Something looks wrong to me about this shot. Don't read this as "the D2Hs is better than the 1D Mark III". Technically, the Canon is much better, and someone who shoots one of those all the time will get much better results than my very average result above. If Mark, who is a proper professional photographer, post-processed the same shot I can guarantee his shot would look much better than mine! But I get better results from the D2Hs than I did from the 1D III, and better results than I can get from any other camera, because I know exactly how to shoot the D2Hs and how to nudge the shots to get the look I love.

That's a big disincentive for a long-overdue upgrade; if I bought a newer camera, I'd need to shoot it for months or years to find a combination of camera settings and post-processing to get the look that I like.

Close-up of the front wheel of a Mark 2 Ford Escort
The D2Hs is made for speed, but of course in an emergency it'll do OK for stills too. Nikon D2Hs, Nikon 18-70mm at 40mm and f/4.2, 1/100 at ISO 200, raw file processed with Darktable.

It's tough!

Like the D2H, the D1, and the single-digit Nikon film cameras, the D2Hs is built as tough as SLR cameras have ever been made, with no cost compromises. The switches and buttons are most of the few things made of plastic. Just about everything else is solid metal.

Expect your D2H or D2Hs to last forever. Don't worry about picking up an ultra-long-distance camera; all of Nikon's professional cameras are designed to survive this. I killed my last one at 400,195 shutter actuations; readers often write in to tell me of their professional Nikons that lasted much longer.

Ben Cook
Shot with a Nikon D2Hs, Nikon 18-70mm DX at f/10 and 38mm, 1/80 at ISO 200.

It's cheap!

As am I, obviously. I hate spending money, and I keep using things until they fall apart or explode. I am writing this on a nine-year-old IBM ThinkPad, which is sat next to a four-year-old Android phone that I got for free.

The D2-series cameras plummeted in price on the used market almost from the day that the full-frame D3 was announced. To someone that drooled over the original D2H since almost the day it came out, both the D2H and D2Hs are ridiculous bargains on the used market. I bought the D2Hs used for £250 in late 2013, and for all I know they've probably gone down in price since then.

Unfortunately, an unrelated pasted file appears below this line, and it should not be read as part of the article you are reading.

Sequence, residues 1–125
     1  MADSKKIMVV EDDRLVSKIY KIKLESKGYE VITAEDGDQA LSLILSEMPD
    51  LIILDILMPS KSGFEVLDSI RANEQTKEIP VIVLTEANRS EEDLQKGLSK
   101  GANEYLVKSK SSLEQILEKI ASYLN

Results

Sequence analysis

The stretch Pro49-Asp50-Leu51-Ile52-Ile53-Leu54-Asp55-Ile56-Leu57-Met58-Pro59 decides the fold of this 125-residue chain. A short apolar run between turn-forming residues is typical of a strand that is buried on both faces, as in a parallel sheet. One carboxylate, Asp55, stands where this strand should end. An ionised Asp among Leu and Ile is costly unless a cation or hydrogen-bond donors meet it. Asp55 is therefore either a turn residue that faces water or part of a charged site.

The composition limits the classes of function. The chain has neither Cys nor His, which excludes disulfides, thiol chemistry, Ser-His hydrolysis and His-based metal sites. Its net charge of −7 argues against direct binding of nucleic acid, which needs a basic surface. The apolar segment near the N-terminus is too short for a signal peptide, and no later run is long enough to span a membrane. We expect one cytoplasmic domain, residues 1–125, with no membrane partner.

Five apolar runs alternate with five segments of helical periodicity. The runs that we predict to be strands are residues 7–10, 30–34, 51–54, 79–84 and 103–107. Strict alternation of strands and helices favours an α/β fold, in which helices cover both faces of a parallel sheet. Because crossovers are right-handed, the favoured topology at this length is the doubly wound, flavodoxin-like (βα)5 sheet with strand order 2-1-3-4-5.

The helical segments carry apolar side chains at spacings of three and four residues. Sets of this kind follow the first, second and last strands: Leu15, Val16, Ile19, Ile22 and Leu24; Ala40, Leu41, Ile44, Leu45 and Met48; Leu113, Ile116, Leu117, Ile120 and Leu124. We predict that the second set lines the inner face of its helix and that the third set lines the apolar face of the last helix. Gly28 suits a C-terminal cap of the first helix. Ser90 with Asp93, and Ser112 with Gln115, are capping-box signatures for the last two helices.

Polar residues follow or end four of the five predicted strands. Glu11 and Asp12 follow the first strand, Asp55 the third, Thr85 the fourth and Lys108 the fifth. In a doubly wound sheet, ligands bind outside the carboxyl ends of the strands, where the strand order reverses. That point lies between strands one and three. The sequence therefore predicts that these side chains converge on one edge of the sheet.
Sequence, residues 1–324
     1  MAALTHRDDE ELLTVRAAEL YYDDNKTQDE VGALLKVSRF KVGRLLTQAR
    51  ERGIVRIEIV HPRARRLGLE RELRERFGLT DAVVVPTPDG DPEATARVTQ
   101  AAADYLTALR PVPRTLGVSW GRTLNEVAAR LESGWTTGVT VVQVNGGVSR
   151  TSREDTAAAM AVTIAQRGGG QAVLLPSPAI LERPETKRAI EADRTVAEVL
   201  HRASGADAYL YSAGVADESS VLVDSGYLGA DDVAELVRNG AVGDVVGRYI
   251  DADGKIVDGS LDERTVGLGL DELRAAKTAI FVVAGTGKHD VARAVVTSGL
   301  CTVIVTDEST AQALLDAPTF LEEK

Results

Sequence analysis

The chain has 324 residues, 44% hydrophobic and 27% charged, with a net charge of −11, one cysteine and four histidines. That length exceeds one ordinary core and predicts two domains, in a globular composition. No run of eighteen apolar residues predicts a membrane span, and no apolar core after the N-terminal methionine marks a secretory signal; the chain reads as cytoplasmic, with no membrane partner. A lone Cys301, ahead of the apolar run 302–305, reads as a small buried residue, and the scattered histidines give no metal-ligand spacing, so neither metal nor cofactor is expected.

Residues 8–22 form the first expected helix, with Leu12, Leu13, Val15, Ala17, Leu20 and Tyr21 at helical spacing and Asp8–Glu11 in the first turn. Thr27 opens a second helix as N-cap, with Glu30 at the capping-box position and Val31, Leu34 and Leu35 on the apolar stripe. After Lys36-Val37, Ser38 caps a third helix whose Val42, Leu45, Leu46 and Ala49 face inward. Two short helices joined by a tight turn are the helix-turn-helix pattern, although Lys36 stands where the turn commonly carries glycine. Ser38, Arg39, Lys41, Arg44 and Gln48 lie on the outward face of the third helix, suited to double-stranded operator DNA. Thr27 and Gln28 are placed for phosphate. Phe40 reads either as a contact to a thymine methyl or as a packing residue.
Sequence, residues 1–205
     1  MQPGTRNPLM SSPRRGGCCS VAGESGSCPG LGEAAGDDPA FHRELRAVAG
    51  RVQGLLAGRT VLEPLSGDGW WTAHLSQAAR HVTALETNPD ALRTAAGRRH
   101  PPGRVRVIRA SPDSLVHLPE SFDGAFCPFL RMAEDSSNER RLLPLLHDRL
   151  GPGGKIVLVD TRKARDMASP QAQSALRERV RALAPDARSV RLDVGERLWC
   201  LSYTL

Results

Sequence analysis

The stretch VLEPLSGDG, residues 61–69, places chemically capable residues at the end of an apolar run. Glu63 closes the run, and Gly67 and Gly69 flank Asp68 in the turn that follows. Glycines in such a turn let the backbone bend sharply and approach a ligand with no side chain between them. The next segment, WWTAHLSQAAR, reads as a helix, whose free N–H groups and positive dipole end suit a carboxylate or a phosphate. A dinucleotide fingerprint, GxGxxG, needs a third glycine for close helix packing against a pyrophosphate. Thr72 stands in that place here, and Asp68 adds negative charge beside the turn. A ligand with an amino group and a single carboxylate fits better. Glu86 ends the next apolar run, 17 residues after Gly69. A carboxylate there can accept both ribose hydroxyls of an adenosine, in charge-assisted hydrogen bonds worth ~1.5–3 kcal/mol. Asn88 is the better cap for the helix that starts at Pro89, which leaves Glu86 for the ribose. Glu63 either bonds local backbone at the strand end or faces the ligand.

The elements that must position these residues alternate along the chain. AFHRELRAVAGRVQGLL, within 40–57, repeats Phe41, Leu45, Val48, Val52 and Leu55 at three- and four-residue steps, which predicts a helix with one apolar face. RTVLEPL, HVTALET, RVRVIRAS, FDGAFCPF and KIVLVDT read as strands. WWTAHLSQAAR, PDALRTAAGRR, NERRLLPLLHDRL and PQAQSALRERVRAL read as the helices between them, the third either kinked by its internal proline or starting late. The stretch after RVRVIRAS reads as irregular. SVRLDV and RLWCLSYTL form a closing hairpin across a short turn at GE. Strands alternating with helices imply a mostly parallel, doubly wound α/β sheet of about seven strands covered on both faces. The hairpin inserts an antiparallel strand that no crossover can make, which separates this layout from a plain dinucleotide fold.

Because I'm cheap, in the unlikely event that I kill the D2Hs soon I'll get another one because they're so cheap that people may as well pay you to use them.

Kev Bennett
Shot with a Nikon D2Hs, 18-70mm DX wide-open at 29mm, 1/80 at ISO 1250. This would have been a much less dramatic shot in brighter light and lower ISOs; the sparks coming from the carcass of the worn-through tyres wouild have been much less bright relative to the rest of the scene.


The D2Hs is still an incredible, brutal camera that beats any consumer camera, and almost any prosumer camera, made today for shooting stuff that moves quickly. If you really need an 8fps camera for sports on the cheap, the D2Hs can't be beat.

Sensible people who want to shoot stills who are on a budget in the used market, will go and get the D200 for the same money, or even a D70 for about half as much money with 50% more resolution and better colour. After having shot so much with the D1, D2H and D2Hs, I'd find it hard to go to smaller, less tough digital cameras. I'll accept the sacrifices in image quality to get something that is going to stand up to some horrendous abuse.

Nose of a Nissan Skyline

If you're shooting the things for which a D2-series camera was designed, the D2Hs really is a much better camera than the D2H, for only a tiny bit more money. For folks shooting stills at low ISOs in raw (which is me some of the time), the original D2H is pretty much the same camera. Those people won't need the S's larger buffer, either.

The price difference between the two cameras is negligible these days. As I write this in 2015, a well-used D2H goes for about £150 and the D2Hs typically goes for another £75 on top of that. While the D2Hs is superior, the real reason I got a D2Hs instead of a D2H simply because it's a couple of years newer; most D2-series cameras were owned by professional sports guys, photojournalists and wildlife photographers, who are not gentle with their gear. A camera that is a few years newer is likely to have had a few years less abuse before the original owner went out and got a D3.